South Carolina has averaged 11 tornadoes each year since 1950. South Carolina ranks twenty-sixth in the United States in the number of tornado strikes, and eighteenth in the number of tornadoes per square mile. The most common type of tornado, the relatively weak and short-lived type, occurs between March and May. However, tornadoes can occur almost anywhere at anytime.
Tornadoes are nature’s most violent storms. Spawned from powerful thunderstorms, tornadoes can cause fatalities and devastate a neighborhood in seconds. A tornado appears as a rotating, funnel-shaped cloud that extends from a thunderstorm to the ground with whirling winds that can reach 300 miles per hour. Damage paths can be in excess of one mile wide and 50 miles long. Every state is at some risk from this hazard. Some tornadoes are clearly visible, while rain or nearby low-hanging clouds obscure others. Occasionally, tornadoes develop so rapidly that little, if any, advance warning is possible. Before a tornado hits, the wind may die down and the air may become very still. A cloud of debris can mark the location of a tornado even if a funnel is not visible. Tornadoes generally occur near the trailing edge of a thunderstorm. It is not uncommon to see clear, sunlit skies behind a tornado.
- Be alert to changing weather conditions.
- Listen to NOAA Weather Radio or to commercial radio or television newscasts for the latest information.
- Look for approaching storms.
- Look for the following danger signs:
- Dark, often greenish sky
- Large hail
- A large, dark, low-lying cloud (particularly if rotating)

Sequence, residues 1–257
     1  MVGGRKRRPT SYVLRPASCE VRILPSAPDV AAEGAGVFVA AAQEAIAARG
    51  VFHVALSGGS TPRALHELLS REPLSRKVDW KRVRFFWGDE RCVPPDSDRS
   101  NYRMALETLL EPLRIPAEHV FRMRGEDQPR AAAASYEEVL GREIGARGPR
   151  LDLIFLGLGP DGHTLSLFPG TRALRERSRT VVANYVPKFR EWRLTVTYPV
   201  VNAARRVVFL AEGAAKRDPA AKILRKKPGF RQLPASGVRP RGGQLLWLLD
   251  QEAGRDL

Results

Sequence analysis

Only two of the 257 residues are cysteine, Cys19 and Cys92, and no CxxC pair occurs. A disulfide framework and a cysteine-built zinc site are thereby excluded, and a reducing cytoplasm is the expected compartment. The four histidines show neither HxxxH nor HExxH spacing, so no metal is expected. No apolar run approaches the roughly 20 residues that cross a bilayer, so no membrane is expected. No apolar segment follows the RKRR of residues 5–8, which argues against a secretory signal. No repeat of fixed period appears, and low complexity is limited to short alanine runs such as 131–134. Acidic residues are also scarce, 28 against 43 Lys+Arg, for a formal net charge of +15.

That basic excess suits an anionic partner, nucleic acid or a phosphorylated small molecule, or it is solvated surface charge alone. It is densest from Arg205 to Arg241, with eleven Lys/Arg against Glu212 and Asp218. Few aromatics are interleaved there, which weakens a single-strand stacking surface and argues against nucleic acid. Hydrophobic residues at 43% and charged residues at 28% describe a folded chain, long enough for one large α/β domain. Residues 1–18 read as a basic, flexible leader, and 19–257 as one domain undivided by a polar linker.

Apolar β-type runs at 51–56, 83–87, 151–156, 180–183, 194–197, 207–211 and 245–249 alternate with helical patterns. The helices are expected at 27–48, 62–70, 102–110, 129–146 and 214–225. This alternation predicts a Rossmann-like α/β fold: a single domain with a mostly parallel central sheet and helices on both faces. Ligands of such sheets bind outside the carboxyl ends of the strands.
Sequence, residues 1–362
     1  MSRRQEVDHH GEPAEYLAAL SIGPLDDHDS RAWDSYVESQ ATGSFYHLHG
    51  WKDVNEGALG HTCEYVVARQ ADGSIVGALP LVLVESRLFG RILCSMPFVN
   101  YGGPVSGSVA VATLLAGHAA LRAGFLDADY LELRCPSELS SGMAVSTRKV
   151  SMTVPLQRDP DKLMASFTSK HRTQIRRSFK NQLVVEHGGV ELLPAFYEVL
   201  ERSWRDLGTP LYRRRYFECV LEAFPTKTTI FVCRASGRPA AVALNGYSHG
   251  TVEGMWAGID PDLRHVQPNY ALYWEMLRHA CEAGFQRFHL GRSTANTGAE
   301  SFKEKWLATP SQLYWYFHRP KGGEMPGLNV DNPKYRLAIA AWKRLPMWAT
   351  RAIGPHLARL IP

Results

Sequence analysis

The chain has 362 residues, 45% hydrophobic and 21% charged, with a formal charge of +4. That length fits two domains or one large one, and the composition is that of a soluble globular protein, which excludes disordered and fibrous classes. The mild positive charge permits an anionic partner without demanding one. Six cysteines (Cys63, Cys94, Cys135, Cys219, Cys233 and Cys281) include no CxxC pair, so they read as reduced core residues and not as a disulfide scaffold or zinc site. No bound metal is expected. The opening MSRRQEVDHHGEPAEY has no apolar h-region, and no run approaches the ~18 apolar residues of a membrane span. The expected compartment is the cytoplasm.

- Loud roar, similar to a freight train
- If you see approaching storms or any of the danger signs, be prepared to take shelter immediately.
- If you are under a tornado warning, seek shelter immediately.
- Get indoors to a pre-designated shelter area such as a basement, storm cellar or the lowest building level. If there is no basement, go to the center of an interior room on the lowest level (closet, interior hallway) away from corners, windows, doors and outside walls.
- Shutter windows and outside doors.
- If in a vehicle, trailer or mobile home, get out immediately and go to the lowest floor of a sturdy, nearby building or storm shelter.
- If unable to get indoors, lie flat in a nearby ditch or depression and cover your head with your hands. Be aware of potential flooding and flying debris.
- Never try to outrun a tornado in your vehicle. Instead, leave the vehicle immediately for safe shelter.
- Use the telephone only for emergency calls.
- Avoid downed power lines and report them to your utility company.
- Stay out of damaged buildings.